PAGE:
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Logo of Phnom Penh Post newspaper Phnom Penh Post - The Post’s publisher walks free from court

The Post’s publisher walks free from court

Ross Dunkley at court in Yangon yesterday.

Publisher Ross Dunkley is preparing to return to Phnom Penh following the end of his trial in Myanmar, 140 days after it began.

Dunkley was found guilty of one of four charges relating to an incident in Yangon on January 18. He was sentenced to 30 days in prison, but as he had already spent 47 days in the notor-ious Insein Prison, he walked from the court a free man.

As a result of that conviction, however, he was also found guilty of breaching his visa conditions and was fined K100,000 (about US$100).

Dunkley said immediately after leaving the court that he would appeal to clear his name.

Dunkley, a co-founder of The Myanmar Times and the publisher of The Phnom Penh Post, was convicted of causing minor injuries to Myanmar woman Ma Khine Zar Lin, a charge he strongly denies. “The doctor called to to give evidence said this could have been caused by anything,” Dunkley said after the verdict was handed down.

“The girl wanted to withdraw the case twice. I absolutely deny that I touched this girl inappropriately.

“I was merely looking after this girl to get her to a taxi. I was worried about her, that’s all.

“I don’t hurt people. I don’t grab them by the neck or do anything stupid like that. Ever-yone knows I don’t do that.

“Many people have known me for a long, long time, all of my staff, they know that I’m not capable of doing such an act, so therefore I will appeal it.

“I will appeal this and hope to win it as time goes by.”

The hearing, which began  about 2pm yesterday, was attended by staff from The Myanmar Times and more than 20 local and foreign journalists.

As soon as the session started, U Aung Min, the judge for Kamaryut township, read the verdict. The judge found Dunkley not guilty of providing Ma Khine Zar Lin with drugs, pointing to the fact that Ma Khine Zar Lin did not mention being drugged in the first information report and only said it later at the court. Additionally, police found no drugs when they searched Dunkley’s home.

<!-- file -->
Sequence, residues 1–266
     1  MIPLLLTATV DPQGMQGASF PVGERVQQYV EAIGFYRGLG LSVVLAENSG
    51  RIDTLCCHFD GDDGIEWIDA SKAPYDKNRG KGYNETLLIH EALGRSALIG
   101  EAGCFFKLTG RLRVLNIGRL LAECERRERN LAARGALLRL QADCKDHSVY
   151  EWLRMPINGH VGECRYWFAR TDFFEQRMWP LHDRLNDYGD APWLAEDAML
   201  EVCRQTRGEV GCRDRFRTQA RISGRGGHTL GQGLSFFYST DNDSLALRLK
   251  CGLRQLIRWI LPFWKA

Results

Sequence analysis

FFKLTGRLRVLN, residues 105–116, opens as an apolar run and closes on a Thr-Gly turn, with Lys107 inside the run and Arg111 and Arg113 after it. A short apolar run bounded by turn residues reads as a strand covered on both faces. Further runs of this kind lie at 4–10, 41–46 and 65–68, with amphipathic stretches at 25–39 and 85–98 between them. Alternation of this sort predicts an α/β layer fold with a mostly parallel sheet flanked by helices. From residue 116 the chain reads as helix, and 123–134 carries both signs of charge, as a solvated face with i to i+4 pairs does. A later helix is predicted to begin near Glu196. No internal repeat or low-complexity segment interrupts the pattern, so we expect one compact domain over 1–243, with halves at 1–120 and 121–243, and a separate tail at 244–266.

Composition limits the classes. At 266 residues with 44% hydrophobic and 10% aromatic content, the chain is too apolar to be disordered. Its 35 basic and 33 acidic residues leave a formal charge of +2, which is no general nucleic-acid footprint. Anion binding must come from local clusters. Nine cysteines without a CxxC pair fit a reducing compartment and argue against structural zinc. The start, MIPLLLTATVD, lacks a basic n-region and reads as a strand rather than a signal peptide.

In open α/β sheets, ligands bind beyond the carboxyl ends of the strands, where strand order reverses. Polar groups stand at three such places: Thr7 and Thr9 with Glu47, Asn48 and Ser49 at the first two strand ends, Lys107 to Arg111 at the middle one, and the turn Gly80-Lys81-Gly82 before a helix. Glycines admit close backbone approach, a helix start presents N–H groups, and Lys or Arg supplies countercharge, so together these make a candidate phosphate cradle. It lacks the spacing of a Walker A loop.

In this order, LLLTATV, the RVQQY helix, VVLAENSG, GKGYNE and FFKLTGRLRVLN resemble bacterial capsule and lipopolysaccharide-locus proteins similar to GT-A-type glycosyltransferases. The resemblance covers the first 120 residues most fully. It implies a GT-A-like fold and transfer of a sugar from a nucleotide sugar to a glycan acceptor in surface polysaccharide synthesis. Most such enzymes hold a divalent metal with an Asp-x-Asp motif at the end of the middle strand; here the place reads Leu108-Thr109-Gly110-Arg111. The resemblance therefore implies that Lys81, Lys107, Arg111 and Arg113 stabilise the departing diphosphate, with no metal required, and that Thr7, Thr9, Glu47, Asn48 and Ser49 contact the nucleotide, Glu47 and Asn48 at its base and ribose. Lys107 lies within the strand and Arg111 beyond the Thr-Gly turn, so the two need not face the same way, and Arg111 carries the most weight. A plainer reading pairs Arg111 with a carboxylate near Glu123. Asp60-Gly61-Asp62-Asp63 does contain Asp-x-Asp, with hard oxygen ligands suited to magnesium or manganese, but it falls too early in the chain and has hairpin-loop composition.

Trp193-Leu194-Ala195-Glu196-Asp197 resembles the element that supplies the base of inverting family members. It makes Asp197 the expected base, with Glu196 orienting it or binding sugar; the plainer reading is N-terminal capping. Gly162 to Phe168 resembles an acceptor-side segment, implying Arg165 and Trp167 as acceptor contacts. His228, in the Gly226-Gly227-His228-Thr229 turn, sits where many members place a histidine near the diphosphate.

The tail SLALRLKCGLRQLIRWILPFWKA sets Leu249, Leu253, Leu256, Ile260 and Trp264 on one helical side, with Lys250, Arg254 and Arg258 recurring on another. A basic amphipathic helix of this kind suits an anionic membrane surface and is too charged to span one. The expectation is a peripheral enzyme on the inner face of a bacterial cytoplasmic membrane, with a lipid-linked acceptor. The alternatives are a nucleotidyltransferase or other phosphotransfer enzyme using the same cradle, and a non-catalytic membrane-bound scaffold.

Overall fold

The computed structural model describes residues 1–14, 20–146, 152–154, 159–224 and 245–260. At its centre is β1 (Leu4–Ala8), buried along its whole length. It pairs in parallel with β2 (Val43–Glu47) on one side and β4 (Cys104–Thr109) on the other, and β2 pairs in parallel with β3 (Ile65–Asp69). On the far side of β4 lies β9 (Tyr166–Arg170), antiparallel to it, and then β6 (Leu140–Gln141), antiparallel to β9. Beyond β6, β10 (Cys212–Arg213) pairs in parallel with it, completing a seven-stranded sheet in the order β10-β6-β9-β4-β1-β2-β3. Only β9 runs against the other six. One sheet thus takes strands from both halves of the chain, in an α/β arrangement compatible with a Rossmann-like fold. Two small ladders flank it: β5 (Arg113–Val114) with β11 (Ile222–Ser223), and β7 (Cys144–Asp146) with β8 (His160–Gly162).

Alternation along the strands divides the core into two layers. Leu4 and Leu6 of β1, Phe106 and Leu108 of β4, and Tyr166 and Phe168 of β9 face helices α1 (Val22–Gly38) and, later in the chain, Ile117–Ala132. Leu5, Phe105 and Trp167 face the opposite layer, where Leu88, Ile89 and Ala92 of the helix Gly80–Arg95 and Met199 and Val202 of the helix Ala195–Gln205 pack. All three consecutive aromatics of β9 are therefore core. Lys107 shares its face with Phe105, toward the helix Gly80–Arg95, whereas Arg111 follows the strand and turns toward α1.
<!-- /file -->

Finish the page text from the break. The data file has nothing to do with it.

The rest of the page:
U Aung Min repeated testimony from a doctor who said the injuries to Ma Khine Zar Lin’s neck could have been caused by traditional medical treatment and the injury to her forehead could have occurred when she hit her head in Dunkley’s car. However, the court found Dunkley guilty of causing minor injuries to Ma Khine Zar Lin, and subsequently of violating Section 13(1) of the Immigration Act.

When final arguments were presented at the 18th hearing on June 21, Dunkley’s lawyer, U Aung Than Soe, said there was no evidence that his client had committed the offences for which he had been charged and, according to the principle of presumption of innocence, he should therefore be acquitted.

U Aung Than Soe referred to differences between the first information report and the court testimony of Ma Khine Zar Lin, the main witness for the prosecution, whose allegations included being held against her will at Dunkley’s house between January 16 and January 18 this year.

Defence witnesses testified at the previous hearing on June 16 that Ma Khine Zar Lin was not present at Dunkley’s home between January 16 and 18.

One of the defence witnesses testified at the June 16 hearing that Dunkley had arrived home with Ma Khine Zar Lin late on January 18, but had left with her in his car within about 15 minutes and had returned home alone 15 minutes later.

Dunkley told the June 16 hearing he had never supplied drugs to Ma Khine Zar Lin, that there were no drugs in his home and that he had never broken the law in Myanmar.

In February, Ma Khine Zar Lin submitted an application to withdraw her charges against Dunkley, and approval for her to do so was granted in May.

Post Media chairman David Armstrong  has previously said that Dunkley’s arrest came amid discussions with his Burmese partners over the newspaper’s ownership.



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